A Maths teacher recently asked me: “What shapes make up a soccer ball?”.

The traditional design of a soccer ball is based on a solid figure called a *truncated icosahedron*. From the image above, can you visualise how many black pentagons and white hexagons there is?

A different solid is shown above. It has 20 triangles, 12 pentagons, and 30 squares. What is its correct name? What are the advantages and disadvantages of constructing a soccer ball from this solid shape?

In the 2006 World Cup a new design consisting of 14 curved panels was introduced as shown below. Adidas claims that the new ball is more round, consistent and precise than the old design. Click here to follow the history of WC Soccer balls.

As a young Mathematics teacher in the 1980’s I valued an old copy of:

*H.M. Cundy & A.P. Rollett, “Mathematical Models”*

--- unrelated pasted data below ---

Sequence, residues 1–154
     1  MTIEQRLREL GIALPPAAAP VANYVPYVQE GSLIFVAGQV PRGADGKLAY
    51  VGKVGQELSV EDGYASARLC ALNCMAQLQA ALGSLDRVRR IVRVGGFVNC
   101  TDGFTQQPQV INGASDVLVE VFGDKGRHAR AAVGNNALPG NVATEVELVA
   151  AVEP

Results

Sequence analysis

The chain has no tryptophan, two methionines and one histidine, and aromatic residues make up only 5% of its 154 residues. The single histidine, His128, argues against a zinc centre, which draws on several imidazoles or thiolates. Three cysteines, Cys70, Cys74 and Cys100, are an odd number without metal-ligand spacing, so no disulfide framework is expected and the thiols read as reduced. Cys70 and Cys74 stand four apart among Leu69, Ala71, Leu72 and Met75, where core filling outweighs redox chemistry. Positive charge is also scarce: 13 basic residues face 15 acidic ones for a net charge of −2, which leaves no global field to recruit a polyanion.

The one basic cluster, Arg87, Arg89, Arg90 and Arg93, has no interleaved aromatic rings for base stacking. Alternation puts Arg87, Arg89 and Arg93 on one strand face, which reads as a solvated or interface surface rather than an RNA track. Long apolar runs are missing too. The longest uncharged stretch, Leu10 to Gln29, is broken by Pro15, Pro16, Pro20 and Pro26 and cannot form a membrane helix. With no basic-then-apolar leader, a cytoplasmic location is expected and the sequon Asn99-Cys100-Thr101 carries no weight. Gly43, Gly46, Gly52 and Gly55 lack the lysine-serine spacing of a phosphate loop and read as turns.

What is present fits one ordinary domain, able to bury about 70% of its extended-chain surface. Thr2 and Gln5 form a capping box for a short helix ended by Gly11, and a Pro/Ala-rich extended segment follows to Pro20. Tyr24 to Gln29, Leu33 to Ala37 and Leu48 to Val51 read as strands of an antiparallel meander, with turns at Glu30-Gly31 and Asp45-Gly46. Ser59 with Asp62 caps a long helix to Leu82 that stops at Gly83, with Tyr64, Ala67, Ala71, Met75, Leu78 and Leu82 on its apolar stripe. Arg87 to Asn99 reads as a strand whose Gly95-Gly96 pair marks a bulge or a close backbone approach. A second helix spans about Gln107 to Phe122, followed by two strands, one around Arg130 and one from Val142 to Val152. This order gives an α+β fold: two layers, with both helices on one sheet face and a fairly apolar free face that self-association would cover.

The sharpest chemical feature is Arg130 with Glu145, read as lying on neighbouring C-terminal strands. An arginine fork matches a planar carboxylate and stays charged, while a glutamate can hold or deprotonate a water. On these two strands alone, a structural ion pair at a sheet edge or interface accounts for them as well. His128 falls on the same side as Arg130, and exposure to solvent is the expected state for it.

If you do not have access to this classic book then try the website: Paper Models of Polyhedra , or the excellent software program small stella.

I would love to hear about your experiences with building polyhedra in the classroom!

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## About webmaths

I have been teaching Mathematics in Victorian secondary schools for 30 years. I use the www to make my maths lessons better. I hope this blog will give other teachers some ideas to try in their own classes.

Came across your site trying to solve the following problem. If you’d like to suggest an answer, I’d love to hear it.

To build a soccer ball from wood, there will be two types of edges, where a pentagon and hexagon meet, and where a hexagon and a hexagon meet. What compound angles would each type require? In other words, since each piece would have a thickness, the interior edges would need to be cut away at what angles to allow the outside edges to meet?

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